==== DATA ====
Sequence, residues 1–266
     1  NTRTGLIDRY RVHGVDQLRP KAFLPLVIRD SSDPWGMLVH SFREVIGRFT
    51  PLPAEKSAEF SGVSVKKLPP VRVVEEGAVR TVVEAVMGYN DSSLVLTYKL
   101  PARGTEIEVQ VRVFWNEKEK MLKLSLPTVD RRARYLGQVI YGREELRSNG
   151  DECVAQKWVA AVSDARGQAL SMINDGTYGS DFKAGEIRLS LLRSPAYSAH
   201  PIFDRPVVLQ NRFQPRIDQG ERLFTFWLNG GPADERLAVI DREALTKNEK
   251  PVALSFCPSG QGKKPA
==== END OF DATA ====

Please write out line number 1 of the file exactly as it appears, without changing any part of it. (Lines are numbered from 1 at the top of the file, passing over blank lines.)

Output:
Sequence, residues 1–266